For corporate internal usage alphanumeric platform names that communicate useful information about size, layout, etc make more sense than arbitrary Greek letters or animal names that don’t mean anything at all.

  • avatar
    Ihateusernames

    9 years ago when I last leased a new BMW (total # of BMWs my SO and I have had, both together and before we met is 8, we had GM and Porsche products as well, but had a strong BMW preference overall) I would have been all up in arms, blathering about e30 M3′s (which I have owned 0 of) and blah blah blah…

    After years of BMW producing RWD cars I am not interested in owning or leasing, it no longer bothers me that BMW will be producing FWD cars I am not interested in.

    I am a bit excited that Ford may have made the BMW coupe that I have been looking to buy for years now. I’ll see after a year of production, seeing it in person, and a test drive.

  • avatar
    johnny_5.0

    I know they want to win the luxury sales crown, but I can’t imagine them being able to fill too many other niches, or niches within niches. Ignoring the ever growing Mini lineup, they have how many CUV/SUV/wagonesque things now which are probably all reasonably suited for an “active” lifestyle?

    X1
    X3
    X5
    X6
    1 series hatch (M135i…seemingly awesome forbidden fruit)
    3 series wagon
    3 series GT
    5 series GT

    And I’m sure I missed a few, or a lot.

  • avatar
    wsn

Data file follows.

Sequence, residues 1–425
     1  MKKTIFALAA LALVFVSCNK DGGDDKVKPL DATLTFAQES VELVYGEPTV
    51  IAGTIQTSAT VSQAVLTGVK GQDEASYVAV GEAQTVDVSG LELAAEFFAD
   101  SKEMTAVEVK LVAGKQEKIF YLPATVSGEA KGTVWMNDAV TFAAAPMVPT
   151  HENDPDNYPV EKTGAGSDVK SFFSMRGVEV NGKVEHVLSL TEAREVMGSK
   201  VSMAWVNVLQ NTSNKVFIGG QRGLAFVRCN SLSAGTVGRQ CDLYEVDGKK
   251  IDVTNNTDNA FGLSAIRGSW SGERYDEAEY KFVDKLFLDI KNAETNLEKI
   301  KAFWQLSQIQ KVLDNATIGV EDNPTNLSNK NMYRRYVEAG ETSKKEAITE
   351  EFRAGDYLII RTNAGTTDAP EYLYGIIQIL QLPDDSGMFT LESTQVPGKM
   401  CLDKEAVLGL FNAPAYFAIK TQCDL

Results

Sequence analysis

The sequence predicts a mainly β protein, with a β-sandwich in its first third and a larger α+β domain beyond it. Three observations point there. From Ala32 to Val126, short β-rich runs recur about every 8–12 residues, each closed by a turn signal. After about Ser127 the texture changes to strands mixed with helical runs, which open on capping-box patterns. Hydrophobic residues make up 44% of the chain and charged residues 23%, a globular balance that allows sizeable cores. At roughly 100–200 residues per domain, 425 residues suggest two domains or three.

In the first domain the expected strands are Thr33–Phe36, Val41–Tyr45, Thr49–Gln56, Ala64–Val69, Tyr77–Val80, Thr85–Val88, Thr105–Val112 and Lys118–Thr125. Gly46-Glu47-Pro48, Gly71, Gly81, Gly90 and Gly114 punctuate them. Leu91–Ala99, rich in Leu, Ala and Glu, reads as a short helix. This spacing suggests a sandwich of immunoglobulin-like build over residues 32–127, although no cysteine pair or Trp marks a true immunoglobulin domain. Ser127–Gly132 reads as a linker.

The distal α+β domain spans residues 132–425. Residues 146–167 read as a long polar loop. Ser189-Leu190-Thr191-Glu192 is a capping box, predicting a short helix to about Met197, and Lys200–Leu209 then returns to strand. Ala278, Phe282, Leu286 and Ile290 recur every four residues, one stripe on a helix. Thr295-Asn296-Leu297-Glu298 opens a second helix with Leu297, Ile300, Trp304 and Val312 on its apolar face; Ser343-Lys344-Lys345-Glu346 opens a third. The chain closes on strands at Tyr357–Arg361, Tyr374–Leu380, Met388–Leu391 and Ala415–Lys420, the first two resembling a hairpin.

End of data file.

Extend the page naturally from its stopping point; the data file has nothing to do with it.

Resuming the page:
FWD is just a superior layout for most, if not all, car categories. BMW has finally gained some common sense. But it seems that a lot of wanna-be’s hasn’t.

    • 0 avatar
      el scotto

      A proper BMW shouldn’t cover most, if not all car categories. It should be one of the finest handling sports sedans on the planet. This is like a Corleani suit being made in China.

    • 0 avatar
      dal20402

      “FWD is just a superior layout for most, if not all, car categories.”

      Completely correct.

      But BMW has not historically been in the business of covering most car categories. Sport sedans are not a good category for FWD.

      Now that it’s in the crossover business, though, there’s no real reason it shouldn’t use FWD there.

    • 0 avatar
      NMGOM

      wsn – - –

      “FWD is just a superior layout for most, if not all, car categories.”

      FWD is superior in only a minority of driving categories.
      It does not apply easily to:
      1) Sports cars;
      2) Track Cars (with race cars as a subset);
      3) Pick-up trucks (the largest selling vehicle types in America);
      4) Real SUV’s (including off-road dominant vehicles, like Jeeps)

      FWD does apply nicely to cheap family sedans and soccer-mom minivans.

      —————-

      • 0 avatar
        bufguy

        “FWD is superior in only a minority of driving categories.”

        “FWD does apply nicely to cheap family sedans and soccer-mom minivans”.

        Add crossovers and you have the majority of American cars

  • avatar
    Lie2me

    “mini-crossover be the Bavarian’s first-ever front-driver…”

    … a RWD BMW purist just died somewhere

    • 0 avatar
      Chicago Dude

      Yes, died of old age. Meanwhile, 4 new customers have arrived at the dealership.

      • 0 avatar
        Lie2me

        Why, when every other car maker on the planet has been making FWD cars forever to the point that everyone seems to be bored with them and long for anything RWD?

        • 0 avatar

          Remember that survey of actual BMW customers, 80% of whom were unable to tell which wheels drove the car? Seriously, you can only notice that car is RWD or FWD on a track, whereas FWD car offers significant advantages in weight and packaging. It’s all about the fuel economy and large volumes in constrained spaces, which trump the sensual driving 4 to 1 in sales.

          • 0 avatar
            Lie2me

            My guess is that 80% of everyone who owns a car doesn’t know which wheels drive it

          • 0 avatar
            mcs